I start with the mount, getting the exact colour to compliment and enhance the picture, then the frame. 

A good proportion of mount width to frame width is important, you don’t what the frame to be too close to the picture otherwise it will look to crowded, likewise a large expanse of mount can make your picture look lost. It’s all about balance, size, proportion and colour.


How do I choose the right glass?

There are several choices of glass, from standard float glass, UV filtered glass, anti-reflect and water white, so what do all these terms mean?

Float glass - is used as a standard picture frame glass and the cheapest option - A 2mm thick, clear glass. However, if you look along the edge of the glass it will have a greenish tint, this can add a very slight tint the artwork.

Water white glass – A 2mm float glass as the standard but has no tint.

UV filtered glass – A 2mm glass which has a chemical coating which filters out 99.9% of the harmful UV rays which eventually fade paintings and mounts. However, there is a warm orangey tint with this glass.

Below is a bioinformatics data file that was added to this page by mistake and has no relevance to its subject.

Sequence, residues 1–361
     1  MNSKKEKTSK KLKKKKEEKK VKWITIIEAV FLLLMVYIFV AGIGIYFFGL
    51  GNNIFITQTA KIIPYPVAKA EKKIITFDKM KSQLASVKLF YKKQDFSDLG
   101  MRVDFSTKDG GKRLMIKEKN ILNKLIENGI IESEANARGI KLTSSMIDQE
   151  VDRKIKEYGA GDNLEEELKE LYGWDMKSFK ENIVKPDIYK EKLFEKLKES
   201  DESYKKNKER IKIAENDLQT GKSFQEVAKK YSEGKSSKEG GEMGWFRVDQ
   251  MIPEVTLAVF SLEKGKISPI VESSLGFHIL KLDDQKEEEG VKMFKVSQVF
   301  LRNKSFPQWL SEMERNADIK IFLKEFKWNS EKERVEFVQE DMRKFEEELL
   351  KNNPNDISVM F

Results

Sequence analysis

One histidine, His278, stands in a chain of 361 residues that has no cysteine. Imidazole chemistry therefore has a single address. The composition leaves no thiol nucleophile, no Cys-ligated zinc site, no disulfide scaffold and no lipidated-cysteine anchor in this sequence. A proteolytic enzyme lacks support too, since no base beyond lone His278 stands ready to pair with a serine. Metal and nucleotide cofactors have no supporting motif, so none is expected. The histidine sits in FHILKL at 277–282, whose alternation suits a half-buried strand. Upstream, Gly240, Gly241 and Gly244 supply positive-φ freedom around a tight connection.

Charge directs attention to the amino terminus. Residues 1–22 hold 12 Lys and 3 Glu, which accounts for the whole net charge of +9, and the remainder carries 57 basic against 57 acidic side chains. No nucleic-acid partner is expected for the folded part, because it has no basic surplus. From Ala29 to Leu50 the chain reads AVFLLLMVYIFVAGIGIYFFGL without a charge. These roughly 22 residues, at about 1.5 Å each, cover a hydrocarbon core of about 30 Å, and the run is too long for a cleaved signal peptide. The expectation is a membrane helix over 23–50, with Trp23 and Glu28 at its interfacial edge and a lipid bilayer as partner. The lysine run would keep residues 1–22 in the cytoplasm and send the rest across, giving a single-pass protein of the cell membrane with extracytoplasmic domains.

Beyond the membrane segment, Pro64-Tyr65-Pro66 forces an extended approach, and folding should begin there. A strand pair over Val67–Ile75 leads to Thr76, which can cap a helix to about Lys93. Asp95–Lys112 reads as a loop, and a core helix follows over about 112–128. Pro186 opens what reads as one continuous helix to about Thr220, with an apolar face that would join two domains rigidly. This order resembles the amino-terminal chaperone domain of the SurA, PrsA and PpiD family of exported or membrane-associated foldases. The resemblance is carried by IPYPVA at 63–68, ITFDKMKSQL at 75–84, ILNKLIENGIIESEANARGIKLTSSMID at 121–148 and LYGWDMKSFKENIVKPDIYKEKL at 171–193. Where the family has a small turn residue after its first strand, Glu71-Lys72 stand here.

Anti-Reflect – This 2mm glass works like magic with a special chemical coating, it appears that the artwork has no glass on it at all and has a 70% UV filter. This is perfect for dark pictures where you will get a lot of reflection. This glass also comes in a combination of the others Anti-reflect water white and anti-reflect UV filter. A 21st century replacement of the 1970’s non-reflective glass!
Mounting:
  • Materials should be of good quality, acid free, conservation grade mounts (card that surrounds the artwork) are the best as they won’t go yellow or burn the picture. 
  • If the mount board is ‘Standard’ grade (shown below) it will yellow very quickly, due to the high acid content, changing the appearance of the colour of the mount and damage the picture.
Standard mountboard
yellowed
Protection:
  • Pictures should be secured to an acid free backing board which is behind the artwork protecting it from the hardboard backing. 
  • All types of artwork, 3D objects and photography should be framed securely but should also be able to be reversed. Nothing should be fixed permanently inside a frame!
  • Conservation mount
    acid free
  • White core borad
    acid free
Fixing tapes:
  • Tapes used to secure the artwork should be acid free (I use a P90 acid free tape)